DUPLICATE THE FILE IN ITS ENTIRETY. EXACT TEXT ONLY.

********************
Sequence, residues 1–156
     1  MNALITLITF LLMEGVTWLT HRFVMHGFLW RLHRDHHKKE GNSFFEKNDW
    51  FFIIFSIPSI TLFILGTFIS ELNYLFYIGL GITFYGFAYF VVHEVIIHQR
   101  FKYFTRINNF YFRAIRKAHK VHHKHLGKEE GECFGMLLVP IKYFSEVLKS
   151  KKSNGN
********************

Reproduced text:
Sequence, residues 1–156
     1  MNALITLITF LLMEGVTWLT HRFVMHGFLW RLHRDHHKKE GNSFFEKNDW
    51  FFIIFSIPSI TLFILGTFIS ELNYLFYIGL GITFYGFAYF VVHEVIIHQR
   101  FKYFTRINNF YFRAIRKAHK VHHKHLGKEE GECFGMLLVP IKYFSEVLKS
   151  KKSNGN